There is broad agreement that Africa needs tens of thousands more PhDs, to renew an ageing professoriate and to staff rapidly expanding higher education, boost research and generate the high-level skills growing economies need. How is this to be achieved? Last week African university leaders and experts thrashed out a range of proposals, including on networks and collaboration, supervision incentives and the diaspora, political support and funding.
The Times Higher Education, one of the publishers of global university rankings, recently co-hosted an Africa Universities Summit titled “Moving Africa’s Universities Forward: Building a shared global legacy”. Disappointingly, this took place in the absence of critical African players, despite indicating that the summit included a consultation on regional university rankings.
Strengthening African scientists’ capacity to conduct credible peer review would be one small step to improving the quality of the continent’s science and building the skills of its scientists. Both are key to helping Africa develop its own research agenda.
The rapid expansion of government funding for science in South Africa is perhaps surprising given the present climate of spending cutbacks amid urgent social priorities. Funding for public science in South Africa has increased by 71% in five years. It will reach R7.6 billion in 2015-16.
The old University of Botswana and the new Botswana International University of Science and Technology, both public institutions, have been experiencing a time of turmoil. At one university the vice-chancellor has faced challenges. The other’s leader resigned after only 17 months and left the country.
In Serengeti National Park in Tanzania, more than 200 hidden cameras are snapping photos day and night, capturing the secret lives of the Serengeti’s most elusive animals. When we found ourselves with even more pictures than the 1.6 million wildebeest and zebra that take part in the annual migration, we turned to citizen scientists to work through the images and extract the valuable information they contain.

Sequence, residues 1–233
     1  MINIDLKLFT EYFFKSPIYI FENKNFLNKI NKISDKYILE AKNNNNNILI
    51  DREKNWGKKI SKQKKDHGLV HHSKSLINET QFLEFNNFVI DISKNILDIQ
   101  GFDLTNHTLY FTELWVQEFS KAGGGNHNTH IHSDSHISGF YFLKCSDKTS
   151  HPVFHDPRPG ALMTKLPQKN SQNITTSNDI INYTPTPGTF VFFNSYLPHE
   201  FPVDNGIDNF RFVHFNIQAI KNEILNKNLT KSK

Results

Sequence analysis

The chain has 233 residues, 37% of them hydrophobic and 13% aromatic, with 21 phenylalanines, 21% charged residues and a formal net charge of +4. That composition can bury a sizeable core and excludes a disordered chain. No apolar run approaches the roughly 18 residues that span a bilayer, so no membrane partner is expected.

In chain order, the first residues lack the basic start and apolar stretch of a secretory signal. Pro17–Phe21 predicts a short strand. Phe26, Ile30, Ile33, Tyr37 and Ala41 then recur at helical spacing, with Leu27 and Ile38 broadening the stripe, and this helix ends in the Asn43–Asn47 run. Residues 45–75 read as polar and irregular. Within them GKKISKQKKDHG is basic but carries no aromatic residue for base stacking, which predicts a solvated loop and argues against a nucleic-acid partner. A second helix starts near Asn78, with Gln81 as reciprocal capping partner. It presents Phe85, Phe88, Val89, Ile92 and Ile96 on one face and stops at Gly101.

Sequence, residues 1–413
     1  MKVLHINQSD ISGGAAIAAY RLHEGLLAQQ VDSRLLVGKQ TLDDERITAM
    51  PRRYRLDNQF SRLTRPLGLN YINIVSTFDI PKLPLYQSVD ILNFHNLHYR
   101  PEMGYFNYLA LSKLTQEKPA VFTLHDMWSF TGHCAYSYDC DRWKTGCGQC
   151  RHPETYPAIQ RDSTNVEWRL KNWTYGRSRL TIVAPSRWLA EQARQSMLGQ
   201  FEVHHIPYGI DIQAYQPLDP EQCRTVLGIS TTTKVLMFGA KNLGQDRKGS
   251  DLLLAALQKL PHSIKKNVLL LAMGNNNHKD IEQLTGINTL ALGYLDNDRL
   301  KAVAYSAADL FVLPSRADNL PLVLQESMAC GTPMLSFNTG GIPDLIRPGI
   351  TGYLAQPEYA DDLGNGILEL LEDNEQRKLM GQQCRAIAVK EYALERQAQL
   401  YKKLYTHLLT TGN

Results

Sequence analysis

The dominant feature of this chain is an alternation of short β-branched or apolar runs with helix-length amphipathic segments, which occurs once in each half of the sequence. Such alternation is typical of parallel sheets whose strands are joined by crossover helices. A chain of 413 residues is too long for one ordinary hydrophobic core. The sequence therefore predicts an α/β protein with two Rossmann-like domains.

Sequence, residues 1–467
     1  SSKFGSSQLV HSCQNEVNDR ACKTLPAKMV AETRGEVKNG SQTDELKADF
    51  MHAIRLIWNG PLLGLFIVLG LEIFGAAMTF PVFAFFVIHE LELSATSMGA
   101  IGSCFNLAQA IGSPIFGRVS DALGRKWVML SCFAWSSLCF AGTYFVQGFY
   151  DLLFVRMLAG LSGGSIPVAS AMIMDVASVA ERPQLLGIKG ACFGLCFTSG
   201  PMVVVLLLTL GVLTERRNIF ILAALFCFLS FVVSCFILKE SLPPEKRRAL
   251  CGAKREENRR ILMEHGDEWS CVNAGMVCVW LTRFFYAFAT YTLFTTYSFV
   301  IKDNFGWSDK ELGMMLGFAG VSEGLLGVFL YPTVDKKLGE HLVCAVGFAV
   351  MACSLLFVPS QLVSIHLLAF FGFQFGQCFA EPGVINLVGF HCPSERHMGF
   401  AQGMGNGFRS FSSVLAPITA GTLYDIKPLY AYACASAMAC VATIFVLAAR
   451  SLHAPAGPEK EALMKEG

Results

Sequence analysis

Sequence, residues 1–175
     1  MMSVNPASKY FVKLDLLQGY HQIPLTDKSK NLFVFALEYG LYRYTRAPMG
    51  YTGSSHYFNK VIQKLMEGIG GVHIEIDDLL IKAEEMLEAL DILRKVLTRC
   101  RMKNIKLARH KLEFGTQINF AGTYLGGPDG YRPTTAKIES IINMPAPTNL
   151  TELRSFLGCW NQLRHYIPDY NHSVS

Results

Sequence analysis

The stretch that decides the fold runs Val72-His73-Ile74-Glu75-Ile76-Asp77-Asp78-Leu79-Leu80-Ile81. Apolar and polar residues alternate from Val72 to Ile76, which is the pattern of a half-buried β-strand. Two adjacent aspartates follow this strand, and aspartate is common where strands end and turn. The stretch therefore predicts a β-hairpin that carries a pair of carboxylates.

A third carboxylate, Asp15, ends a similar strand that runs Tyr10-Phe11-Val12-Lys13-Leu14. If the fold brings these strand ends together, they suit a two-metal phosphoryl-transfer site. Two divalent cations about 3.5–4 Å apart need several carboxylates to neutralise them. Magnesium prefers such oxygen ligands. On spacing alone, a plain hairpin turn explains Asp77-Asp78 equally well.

The recent news that thousands of would-be students had withdrawn from the University of Zambia where they were accepted to pursue studies because they could not get government bursaries is disgraceful.
When Nigeria's Dangote Group advertised for 100 truck driver jobs in 2012, six PhDs, 704 masters and more than 8,460 bachelor degree holders were among the 13,000 applicants. Why were the applicants not employed in careers they trained for? We argue that universities are not imparting the knowledge and skills required by Africa’s economies or the world.
At this time of year, it is always good to take a step back and reflect on the past 12 months. Where are we now, compared to a year ago? What does the future hold? There are three developments of significance for African science and research – a new continental plan for science, the first IBM laboratory in Africa and the downturn in global health research funding.
The International Labour Organisation’s Global Employment Trends 2013 estimated the global youth unemployment rate last year at 12.6%, representing 73.8 million young people without jobs. The highest rates are recorded in the Middle East and North Africa.